What's Important to Employees in Safety

You need to connect with employees in driving the things that are important to them.

You feel like you’re saying the right things in safety. Some days your safety performance is great. Other days, you wonder if your team was listening at all. And it frustrates you that just when you seem to be making steps forward, a dumb little incident shows up.

This is where you can change it up.

You need a safety message that resonates, at the right time, saying the right thing so that every employee is working toward common goals in safety. And the goals are not numbers. Stop pitching numbers to your people. Numbers don’t inspire better performance.

Ever see someone’s performance improve because the corporate TRIF rate target was 0.3 lower? Going over numbers don’t inspire anyone to want to care more about their fellow team members or to be more courteous towards them. Number mean little to employees. The numbers are for you: to track, to follow, to assess and to set your personal or departmental targets.

Numbers don't inspire.

Now, if you want their improved performance, you’ve got to win over their hearts and minds. You need to connect with employees in driving the things that are important to them. So far, what they’ve been hearing is what is important to you or the company. But not what is important to them.

Thinking that the Ten Most Dangerous Hazards, or the Eight Behaviours of Safety Performers, or the Thirteen Elements of Safe Work are important to them is out of touch. Articles, books and ideals that are important to you are likely not important to them. What’s important to them is what they get out of the deal: how safety improves their life, their results, and their pay-off (and people do with vigour anything that provides them with some sort of benefit).

Are you undermining your own message?

Don’t even think that celebrating going home safe is important to your people. It isn’t. Because that’s what you’re supposed to do, by law. You’re not allowed to do less than go home safe. So, the idea that going home safe is some sort of accomplishment is also out of touch. Your people show up at work expecting that their employer will ensure that they go home safe. Stop celebrating like going home safe is a big surprise. Like it’s not normal or that you have to work extra-hard to expect the minimum.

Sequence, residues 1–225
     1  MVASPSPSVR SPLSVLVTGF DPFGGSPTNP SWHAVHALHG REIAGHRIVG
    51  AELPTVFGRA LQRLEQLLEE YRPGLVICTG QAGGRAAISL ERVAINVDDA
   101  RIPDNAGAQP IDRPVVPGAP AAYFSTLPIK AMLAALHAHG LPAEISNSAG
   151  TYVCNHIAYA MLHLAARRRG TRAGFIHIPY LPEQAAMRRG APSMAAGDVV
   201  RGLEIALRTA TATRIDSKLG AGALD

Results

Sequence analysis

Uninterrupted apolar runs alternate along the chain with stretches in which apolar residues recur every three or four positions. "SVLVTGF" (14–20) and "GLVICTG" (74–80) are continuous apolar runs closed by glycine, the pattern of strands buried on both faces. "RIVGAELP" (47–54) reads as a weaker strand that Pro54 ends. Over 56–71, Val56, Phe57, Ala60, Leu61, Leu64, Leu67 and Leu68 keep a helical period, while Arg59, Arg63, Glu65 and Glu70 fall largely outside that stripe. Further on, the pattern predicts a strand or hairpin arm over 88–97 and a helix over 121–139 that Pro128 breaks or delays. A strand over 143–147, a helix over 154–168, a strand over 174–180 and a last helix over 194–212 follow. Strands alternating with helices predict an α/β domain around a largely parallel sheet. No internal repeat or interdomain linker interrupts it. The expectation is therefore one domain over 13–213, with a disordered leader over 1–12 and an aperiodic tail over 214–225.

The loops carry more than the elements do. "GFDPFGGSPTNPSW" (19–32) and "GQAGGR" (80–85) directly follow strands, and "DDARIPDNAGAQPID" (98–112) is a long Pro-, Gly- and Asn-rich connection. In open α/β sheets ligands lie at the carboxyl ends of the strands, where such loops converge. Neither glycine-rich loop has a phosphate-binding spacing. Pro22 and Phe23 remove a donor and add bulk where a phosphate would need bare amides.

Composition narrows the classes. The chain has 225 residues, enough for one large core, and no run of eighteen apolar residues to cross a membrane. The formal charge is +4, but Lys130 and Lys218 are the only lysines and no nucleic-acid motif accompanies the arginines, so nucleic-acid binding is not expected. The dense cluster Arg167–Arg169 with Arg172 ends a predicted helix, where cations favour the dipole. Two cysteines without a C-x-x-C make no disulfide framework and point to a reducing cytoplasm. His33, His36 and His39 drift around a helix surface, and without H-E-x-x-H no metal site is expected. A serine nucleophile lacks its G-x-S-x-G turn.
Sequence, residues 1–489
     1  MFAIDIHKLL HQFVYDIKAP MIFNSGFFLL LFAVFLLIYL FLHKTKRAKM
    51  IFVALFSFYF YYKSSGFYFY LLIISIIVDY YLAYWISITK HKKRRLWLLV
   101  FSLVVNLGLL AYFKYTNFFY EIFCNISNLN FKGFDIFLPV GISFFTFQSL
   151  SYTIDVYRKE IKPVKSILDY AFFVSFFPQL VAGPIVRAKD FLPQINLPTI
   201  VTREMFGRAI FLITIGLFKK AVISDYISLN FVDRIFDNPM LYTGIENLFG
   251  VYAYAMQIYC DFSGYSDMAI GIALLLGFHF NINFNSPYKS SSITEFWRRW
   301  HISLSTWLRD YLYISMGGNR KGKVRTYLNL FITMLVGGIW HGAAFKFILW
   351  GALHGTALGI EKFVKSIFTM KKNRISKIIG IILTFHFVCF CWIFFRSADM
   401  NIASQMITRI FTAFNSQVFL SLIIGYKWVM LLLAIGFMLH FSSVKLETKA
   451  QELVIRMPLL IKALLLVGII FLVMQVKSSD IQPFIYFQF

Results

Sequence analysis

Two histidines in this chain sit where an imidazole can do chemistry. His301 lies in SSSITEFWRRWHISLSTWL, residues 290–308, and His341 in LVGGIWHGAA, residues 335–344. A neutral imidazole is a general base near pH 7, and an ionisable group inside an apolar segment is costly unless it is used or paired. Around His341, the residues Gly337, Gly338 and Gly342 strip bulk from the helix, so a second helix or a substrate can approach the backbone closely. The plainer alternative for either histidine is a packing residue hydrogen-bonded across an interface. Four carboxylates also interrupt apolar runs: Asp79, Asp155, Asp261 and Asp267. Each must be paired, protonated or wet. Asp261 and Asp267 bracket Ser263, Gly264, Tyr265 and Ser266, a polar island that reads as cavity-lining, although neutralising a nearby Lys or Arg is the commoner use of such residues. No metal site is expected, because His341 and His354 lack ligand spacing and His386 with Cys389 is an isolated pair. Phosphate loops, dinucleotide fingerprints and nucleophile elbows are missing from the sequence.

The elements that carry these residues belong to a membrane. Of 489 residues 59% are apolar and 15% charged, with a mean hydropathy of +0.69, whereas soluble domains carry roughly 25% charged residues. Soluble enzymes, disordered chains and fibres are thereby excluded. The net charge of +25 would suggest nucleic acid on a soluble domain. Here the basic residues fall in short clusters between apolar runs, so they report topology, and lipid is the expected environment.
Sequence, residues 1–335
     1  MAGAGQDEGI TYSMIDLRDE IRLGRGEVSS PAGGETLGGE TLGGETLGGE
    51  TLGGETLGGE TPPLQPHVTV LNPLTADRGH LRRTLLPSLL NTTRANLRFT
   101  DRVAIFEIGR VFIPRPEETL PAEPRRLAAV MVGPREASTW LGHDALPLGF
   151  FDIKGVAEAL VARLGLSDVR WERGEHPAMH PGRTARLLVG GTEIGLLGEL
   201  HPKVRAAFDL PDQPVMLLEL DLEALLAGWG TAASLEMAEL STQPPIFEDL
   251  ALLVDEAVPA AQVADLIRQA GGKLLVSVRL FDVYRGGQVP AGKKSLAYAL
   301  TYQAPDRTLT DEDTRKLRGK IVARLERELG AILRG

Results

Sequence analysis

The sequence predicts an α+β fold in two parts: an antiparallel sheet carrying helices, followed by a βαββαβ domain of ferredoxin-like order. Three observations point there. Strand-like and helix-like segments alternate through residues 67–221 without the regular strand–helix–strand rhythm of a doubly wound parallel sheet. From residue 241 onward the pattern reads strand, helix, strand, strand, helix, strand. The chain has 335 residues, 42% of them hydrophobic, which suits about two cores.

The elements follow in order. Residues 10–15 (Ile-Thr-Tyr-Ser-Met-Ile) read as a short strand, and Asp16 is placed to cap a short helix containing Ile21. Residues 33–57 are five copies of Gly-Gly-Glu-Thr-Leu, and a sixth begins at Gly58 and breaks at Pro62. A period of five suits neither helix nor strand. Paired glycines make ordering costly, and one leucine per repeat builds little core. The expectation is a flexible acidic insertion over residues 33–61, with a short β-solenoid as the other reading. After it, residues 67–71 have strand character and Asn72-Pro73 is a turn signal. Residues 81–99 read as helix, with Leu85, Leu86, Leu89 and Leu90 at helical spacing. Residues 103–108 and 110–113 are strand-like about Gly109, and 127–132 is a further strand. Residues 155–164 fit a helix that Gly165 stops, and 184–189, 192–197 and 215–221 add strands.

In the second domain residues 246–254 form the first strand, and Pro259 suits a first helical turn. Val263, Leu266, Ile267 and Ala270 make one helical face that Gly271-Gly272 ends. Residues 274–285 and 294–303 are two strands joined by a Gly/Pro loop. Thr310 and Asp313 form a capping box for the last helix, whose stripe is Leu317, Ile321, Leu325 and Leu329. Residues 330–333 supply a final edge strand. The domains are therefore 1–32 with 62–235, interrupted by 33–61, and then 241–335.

And please stop talking about compliance of rules and procedures. Rules and procedures don’t inspire better performance, or a willingness to look out for each other. We don’t need any more people talking to rules and process and procedure. We don’t need more people regurgitating what your people have already been trained on. Repeating it (like they didn’t get it at training) makes them feel stupid and makes you seem out of touch.

Here's what's needed.

What the world needs more of are more leaders (not managers) ready to lead others in growing a safety mindset where we include safety as a natural part of how we live life. We need more people who understand what leadership means to inspire employees to want to perform better, to choose better ways to do it and to look out for each other better.

New call-to-action Ask yourself if you know what the one thing is that you want your people to do differently, or better, or more of, or less of? Don’t say safety. If you say safety, you’re out of touch.

Focus on one or two ideas. Concentrate on the one or two things that you would like your people to get much better at, or do more of, or less of. Then, focus their attention on accomplishing that. And stop harping on rules. Unless that’s all you’ve got. Then you really are out of touch.

Leaders who can find the things that really matter to their people are already ahead of everyone else in building a really engaged team of safety performers. Safety is about people: engaging them, including them and valuing them.


Learn more strategies to create a high-participation safety culture. Put Kevin Burns' expertise to work in your organization. Kevin Burns is the creator of the M4 Method™ and the 90-Day Safety Accelerator program. He is the author of PeopleWork: The Human Touch in Workplace Safety.

Get details and more information http://www.kevburns.com/contact

Topics: safety leadership, kevin burns, safety culture, safety buy-in, safety communications, peoplework, safety complacency